Toyota with its Toyota Production System is the archetype of lean manufacturing, which also makes it to one of the most successful companies on earth. This success is due to outstanding cooperative management at Toyota; however, recent changes in hiring practices threaten the Toyota Production System.
Modern workplace management undoubtedly started with Frederick Winslow Taylor (1856–1915), who almost single-handedly created modern industrial management. He was the first to measure industrial work and apply the results to improve efficiency. Even so, efficiency was greatly improved by Frank and Lillian Gilbreth (1868–1924 and 1878–1972 respectively). Unfortunately, Frederick Taylor and Frank Gilbreth were at war with each other. This post looks into the history of how the conflict started, and how Lillian Gilbreth resolved the conflict after their deaths.
The concept of lean manufacturing originated on the shop floor at Toyota. Since then it has expanded into many other areas, including but not limited to lean healthcare, lean administration, lean logistics, lean services, lean hotel, lean military, lean banking, or any lean whatever topic. There is even a lean government, albeit I am somehow skeptical on that one. Even so, most practitioners of lean work in manufacturing. Hence it comes as no surprise that most lean efforts are focused on the shop floor. However, while there is usually much improvement potential on any given shop floor, it is not necessarily the area you most want to improve.
Lean happens on the shop floor. When working hands-on in manufacturing, there are a number of items that can help you. Throughout the years I have optimized a small lean toolkit that I bring with me for my everyday practical work. Here are seven gadgets that help me to do lean on the shop floor.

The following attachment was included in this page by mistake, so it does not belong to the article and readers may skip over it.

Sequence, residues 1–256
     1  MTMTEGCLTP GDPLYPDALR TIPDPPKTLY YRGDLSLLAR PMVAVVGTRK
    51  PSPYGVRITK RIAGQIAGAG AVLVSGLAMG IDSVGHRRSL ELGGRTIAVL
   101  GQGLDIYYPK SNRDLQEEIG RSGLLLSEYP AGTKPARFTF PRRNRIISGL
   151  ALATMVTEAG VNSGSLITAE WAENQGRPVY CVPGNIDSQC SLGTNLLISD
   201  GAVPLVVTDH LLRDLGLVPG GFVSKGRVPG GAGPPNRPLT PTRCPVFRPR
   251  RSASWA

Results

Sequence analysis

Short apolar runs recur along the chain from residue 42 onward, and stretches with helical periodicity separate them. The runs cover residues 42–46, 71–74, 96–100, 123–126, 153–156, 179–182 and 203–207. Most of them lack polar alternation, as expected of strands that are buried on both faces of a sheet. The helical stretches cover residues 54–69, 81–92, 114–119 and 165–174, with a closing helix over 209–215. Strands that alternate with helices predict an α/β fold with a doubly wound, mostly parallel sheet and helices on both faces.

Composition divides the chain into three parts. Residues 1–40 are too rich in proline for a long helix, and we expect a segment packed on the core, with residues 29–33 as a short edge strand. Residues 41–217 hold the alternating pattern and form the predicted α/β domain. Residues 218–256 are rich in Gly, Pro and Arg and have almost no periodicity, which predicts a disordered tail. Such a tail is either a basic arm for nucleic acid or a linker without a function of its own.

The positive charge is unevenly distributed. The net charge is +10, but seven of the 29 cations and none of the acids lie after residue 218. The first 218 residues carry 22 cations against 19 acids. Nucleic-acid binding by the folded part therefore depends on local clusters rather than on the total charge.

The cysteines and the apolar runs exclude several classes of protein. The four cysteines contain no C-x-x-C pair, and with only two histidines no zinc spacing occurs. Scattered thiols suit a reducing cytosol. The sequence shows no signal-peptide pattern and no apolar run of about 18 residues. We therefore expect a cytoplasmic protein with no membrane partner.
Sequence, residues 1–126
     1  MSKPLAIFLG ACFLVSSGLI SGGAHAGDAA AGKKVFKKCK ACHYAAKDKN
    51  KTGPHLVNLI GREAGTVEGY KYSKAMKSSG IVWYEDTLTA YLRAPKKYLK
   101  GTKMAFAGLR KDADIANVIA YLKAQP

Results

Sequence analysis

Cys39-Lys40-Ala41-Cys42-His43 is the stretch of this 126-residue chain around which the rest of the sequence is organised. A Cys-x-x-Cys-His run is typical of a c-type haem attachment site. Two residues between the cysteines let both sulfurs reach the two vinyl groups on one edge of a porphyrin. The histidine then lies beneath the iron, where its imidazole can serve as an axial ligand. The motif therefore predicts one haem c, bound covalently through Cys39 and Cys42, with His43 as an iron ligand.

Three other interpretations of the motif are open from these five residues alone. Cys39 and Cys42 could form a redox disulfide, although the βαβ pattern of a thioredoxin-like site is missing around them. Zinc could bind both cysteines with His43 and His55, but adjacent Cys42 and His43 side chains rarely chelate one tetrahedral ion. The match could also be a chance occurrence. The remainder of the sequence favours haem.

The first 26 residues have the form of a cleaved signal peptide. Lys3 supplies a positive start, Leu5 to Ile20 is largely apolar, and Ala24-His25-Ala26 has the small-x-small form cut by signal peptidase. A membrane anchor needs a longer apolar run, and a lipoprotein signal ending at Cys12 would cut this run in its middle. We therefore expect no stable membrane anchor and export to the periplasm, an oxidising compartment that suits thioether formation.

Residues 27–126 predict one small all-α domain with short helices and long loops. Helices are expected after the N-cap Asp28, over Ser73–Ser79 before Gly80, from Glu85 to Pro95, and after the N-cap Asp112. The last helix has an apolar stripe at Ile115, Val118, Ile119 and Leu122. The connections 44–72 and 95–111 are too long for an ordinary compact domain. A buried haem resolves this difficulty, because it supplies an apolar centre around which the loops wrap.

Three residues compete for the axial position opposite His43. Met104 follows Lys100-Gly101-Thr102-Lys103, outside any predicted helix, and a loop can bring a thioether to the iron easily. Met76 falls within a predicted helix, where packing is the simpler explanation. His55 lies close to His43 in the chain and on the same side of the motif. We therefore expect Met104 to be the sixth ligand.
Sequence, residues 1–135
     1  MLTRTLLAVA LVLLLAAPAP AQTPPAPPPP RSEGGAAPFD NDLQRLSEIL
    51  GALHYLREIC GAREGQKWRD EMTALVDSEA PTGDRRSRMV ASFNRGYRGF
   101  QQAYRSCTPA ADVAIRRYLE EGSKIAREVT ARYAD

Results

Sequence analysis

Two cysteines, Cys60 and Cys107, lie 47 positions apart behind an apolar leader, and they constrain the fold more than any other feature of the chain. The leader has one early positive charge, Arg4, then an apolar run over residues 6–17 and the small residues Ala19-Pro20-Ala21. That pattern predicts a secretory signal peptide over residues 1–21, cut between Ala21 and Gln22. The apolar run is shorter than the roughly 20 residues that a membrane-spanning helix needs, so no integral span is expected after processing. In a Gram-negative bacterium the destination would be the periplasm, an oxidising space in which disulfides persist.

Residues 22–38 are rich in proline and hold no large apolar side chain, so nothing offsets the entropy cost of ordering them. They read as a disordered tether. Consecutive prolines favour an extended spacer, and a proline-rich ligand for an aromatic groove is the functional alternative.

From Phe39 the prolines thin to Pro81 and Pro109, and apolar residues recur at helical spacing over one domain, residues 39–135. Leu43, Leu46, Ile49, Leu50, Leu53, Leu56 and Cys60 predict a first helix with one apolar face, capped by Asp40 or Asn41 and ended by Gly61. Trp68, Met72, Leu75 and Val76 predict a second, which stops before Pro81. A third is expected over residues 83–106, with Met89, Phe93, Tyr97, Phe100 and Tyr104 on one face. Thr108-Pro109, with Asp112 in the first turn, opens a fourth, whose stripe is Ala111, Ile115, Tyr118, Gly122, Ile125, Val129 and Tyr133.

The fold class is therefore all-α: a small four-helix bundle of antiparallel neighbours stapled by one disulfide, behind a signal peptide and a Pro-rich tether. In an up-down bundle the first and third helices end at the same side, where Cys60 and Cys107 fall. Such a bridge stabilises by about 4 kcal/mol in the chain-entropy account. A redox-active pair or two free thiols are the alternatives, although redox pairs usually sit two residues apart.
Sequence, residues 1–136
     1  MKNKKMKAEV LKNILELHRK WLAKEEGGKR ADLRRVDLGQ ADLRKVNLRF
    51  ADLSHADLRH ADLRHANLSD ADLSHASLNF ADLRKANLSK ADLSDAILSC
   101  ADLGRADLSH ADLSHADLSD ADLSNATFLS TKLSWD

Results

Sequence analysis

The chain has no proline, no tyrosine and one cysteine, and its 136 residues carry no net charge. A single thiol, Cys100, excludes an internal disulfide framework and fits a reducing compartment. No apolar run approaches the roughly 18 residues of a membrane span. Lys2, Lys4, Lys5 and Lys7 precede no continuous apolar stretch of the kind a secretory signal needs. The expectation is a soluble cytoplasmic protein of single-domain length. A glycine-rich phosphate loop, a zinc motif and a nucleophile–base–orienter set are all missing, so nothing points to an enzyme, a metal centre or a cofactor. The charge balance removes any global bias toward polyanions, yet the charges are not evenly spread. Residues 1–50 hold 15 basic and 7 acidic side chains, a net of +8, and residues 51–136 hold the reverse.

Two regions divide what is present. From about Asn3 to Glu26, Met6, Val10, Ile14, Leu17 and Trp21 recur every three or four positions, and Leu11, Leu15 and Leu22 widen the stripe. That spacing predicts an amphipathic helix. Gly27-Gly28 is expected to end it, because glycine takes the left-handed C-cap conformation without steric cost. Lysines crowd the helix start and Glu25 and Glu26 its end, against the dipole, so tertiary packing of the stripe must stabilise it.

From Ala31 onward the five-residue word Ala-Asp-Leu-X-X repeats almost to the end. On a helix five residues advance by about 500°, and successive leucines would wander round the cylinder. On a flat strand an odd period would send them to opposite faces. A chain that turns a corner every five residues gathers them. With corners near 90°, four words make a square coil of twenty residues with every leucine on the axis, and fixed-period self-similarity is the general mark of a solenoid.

Due to popular demand related to my two posts on “Make Your Plant Tour a Success!” and “How to Misguide Your Visitor – or What Not to Pay Attention to During a Plant Visit!,” I have created a checklist for a lean visit to a manufacturing shop floor for you to download. Take this checklist with easy-to-use metrics during your shop floor visit to make yourself independent of potentially misleading data given to you by the shop floor staff. Metrics include worker utilization, machine utilization, inventory reach and turnaround, and order & cleanliness.
In the West, the standard approach for problem solving is to take a good look a the problem, after which a solution approach will pop into someone’s head. This approach is then optimized until the problem is solved. However, while this often ends up with one solution, it usually is far from the best solution possible. In Japan, a very different multidimensional problem-solving approach is common. Rather than just use any solution that solves the problem, they aim for the best solution they can find.
Standardization, visual management, and process confirmation are some important elements of lean manufacturing. Here we have an example many of you are probably familiar with – toilet paper folding at hotels. This simple example can clearly demonstrate the value of Standardization, visual management, and process confirmation.